WHILE IT HAS BEEN correctly highlighted how politically advantageous it was for the Labour Party to suck Willie Jackson into its orbit, little has been said about how this whole affair has highlighted again just how routinely shabby our whole notion of "representative democracy" has become.
I don't recall the original campaigners for MMP advertising it that it would allow MP's to have jobs for life or, as in the case of Willie Jackson, waltz on into Parliament merely because it suits the strategy of a political party in its bid shut out a couple of its competitors.
Juts a few short months ago Willie Jackson was telling his Radio Live audience that he was a firm supporter of the Maori Party. Now, thanks to Labour leader Andrew Little and backroom boy Matt McCarten, he's jumped on to the gravy train and - Choo! Choo! - he will arrive in Parliament on September 23, ready and willing to pick up his big fat salary and generous expenses account. Who knows. If Labour manages to become the government, there's nothing to say that Jackson won't be a cabinet minister. Perhaps that's part of the 'understanding' he has with Little.
And, if you are a taxpayer, you are contributing to the cost of helping to revive Jackson's political ambitions - despite the fact you've had no say in the small matter of whether you want him back in Parliament in the first place.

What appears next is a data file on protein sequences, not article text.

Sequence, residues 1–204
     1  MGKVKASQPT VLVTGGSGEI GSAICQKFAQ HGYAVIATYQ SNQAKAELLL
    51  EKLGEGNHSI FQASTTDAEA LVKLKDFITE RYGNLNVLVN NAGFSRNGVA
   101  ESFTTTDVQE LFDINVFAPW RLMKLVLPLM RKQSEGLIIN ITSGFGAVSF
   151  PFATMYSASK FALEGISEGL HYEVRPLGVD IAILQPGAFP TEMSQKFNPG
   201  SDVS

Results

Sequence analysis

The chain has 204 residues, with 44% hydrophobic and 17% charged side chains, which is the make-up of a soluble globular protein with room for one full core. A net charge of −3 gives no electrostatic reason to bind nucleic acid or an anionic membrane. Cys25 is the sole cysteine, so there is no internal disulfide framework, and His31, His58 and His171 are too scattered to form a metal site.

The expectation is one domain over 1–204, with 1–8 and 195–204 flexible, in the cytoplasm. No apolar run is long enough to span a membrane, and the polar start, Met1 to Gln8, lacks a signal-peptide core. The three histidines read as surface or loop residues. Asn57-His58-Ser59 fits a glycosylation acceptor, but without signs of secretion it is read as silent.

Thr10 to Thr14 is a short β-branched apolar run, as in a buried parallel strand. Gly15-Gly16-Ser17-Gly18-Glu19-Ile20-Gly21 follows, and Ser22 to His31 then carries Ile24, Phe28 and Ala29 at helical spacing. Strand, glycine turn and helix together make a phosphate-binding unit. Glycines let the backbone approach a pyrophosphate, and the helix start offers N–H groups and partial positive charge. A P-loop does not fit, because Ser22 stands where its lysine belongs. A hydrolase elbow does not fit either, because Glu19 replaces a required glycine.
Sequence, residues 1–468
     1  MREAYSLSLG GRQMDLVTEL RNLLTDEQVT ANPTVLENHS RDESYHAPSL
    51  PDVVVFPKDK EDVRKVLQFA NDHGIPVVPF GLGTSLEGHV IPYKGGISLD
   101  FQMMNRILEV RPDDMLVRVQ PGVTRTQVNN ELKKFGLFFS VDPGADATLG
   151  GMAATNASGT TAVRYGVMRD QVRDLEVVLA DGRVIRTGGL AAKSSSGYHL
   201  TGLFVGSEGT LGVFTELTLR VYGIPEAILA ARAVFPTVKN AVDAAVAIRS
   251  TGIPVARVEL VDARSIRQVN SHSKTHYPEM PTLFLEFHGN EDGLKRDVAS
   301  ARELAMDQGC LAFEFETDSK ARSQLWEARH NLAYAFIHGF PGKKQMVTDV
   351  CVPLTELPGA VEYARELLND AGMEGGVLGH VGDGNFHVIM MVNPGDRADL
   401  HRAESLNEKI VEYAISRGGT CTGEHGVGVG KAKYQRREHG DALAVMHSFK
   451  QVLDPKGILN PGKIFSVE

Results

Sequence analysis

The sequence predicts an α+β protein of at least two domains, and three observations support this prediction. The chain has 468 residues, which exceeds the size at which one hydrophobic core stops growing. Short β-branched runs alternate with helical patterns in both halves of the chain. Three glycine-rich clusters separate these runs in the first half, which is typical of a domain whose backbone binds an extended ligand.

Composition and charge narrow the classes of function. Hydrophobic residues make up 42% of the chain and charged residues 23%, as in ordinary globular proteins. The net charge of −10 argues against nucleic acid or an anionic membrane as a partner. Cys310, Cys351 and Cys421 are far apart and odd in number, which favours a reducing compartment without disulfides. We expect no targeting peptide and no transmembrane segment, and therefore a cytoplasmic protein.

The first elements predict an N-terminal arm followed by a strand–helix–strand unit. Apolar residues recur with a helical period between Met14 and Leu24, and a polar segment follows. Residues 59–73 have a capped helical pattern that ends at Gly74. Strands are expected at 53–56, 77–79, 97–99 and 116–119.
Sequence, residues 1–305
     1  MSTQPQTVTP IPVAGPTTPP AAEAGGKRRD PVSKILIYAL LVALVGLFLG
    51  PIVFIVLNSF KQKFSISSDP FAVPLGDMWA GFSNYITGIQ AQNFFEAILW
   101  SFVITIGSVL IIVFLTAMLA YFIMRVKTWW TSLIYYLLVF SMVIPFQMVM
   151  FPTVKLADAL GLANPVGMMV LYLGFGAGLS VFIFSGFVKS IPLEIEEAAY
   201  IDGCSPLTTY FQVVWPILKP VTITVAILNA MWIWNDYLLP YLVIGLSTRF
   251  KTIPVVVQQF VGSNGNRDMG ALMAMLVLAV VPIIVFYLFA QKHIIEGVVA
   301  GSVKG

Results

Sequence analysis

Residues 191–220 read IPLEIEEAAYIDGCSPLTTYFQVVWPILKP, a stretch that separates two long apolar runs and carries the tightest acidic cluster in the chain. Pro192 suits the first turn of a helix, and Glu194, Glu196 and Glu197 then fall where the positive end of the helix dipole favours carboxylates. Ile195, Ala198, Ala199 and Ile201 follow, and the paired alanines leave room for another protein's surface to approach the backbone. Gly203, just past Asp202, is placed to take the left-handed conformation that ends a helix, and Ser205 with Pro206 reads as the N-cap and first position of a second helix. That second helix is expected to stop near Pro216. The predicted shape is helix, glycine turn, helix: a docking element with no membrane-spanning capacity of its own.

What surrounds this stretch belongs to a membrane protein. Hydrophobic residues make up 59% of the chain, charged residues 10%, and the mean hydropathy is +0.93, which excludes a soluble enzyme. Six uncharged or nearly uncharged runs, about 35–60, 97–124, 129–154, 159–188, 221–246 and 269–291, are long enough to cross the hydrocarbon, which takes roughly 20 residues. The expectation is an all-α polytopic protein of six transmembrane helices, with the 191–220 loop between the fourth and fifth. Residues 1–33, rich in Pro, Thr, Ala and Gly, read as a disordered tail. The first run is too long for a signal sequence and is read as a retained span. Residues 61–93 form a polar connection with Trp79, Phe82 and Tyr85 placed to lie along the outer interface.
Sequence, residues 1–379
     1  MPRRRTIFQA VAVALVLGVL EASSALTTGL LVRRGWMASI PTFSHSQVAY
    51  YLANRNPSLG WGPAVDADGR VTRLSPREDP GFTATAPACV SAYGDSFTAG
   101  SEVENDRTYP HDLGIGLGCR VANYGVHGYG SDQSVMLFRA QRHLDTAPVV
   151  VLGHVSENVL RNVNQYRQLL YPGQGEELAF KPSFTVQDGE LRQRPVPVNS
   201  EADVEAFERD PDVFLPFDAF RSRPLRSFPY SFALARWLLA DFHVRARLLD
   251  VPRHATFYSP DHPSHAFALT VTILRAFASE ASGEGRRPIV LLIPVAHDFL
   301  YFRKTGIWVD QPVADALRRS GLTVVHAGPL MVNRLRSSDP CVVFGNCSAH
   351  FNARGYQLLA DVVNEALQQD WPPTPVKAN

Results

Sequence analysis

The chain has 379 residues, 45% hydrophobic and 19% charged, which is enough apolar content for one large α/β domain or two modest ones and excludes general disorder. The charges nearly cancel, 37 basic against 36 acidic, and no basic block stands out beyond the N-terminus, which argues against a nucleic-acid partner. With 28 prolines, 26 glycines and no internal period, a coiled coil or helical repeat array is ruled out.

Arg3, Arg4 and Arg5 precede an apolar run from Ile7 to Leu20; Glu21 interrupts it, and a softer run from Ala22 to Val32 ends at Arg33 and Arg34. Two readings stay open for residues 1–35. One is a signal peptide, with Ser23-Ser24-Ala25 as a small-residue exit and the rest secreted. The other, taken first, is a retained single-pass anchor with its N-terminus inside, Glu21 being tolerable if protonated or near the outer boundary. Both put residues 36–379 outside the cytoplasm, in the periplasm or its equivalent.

Of course Jackson comes from within New Zealand's political elite, which Bryce Edwards has referred to as " politicians and their advisers, public officials, and activists that are in the milieu of power". Jackson is not about to rock the boat. He knows his place.
When our politics desperately needs new faces and new ideas that aren't beholden to the market, Labour presents us with a wealthy businessman and an ex-MP who has already been around the block a few times. He's already stated that he's not a socialist and that he doesn't really consider himself left wing. This is true. Last time I looked Jackson was opening up charter schools and attacking RNZ National, New Zealand's last bastion of public broadcasting.
Indeed, back in 2009, Jackson declared that Labour's '... stance on partnership schools won't get a pass mark from me. And as far as Maori are concerned, Labour's Education spokesman Chris Hipkins' Private Members Bill to scrap partnership schools rates an E."
But criticisms of Jackson's rise to political prominence have been few and they have been muted. The political elite, in the end, are not about to criticise one of their own. New Zealand First leader Winston Peters made some throwaway remark about "free willy" but he can't afford to be too critical since he is also about to heave some more political deadwood, ex-Labour MP Shane Jones, back into Parliament.
But the mainstream media, which has largely become integrated into the political elite, have had little to say either. No one seems particularly concerned that we now have a democracy all but in name only which can be manipulated at will by the political elite for its own mercenary ends. Is it little wonder that nearly a million people can no longer be bothered to vote?
The editor of The Daily Blog editor, Martyn Bradbury, who regularly attacks the mainstream media for its political docility, has seen fit merely to criticise Labour MP Poto Williams who has questioned Jackson's political suitability because of the controversial 'Roastbusters' interview. It seems that a media that often promotes itself as the 'alternative' to the mainstream is only alternative in the sense that its supports Labour - and that's no alternative at all.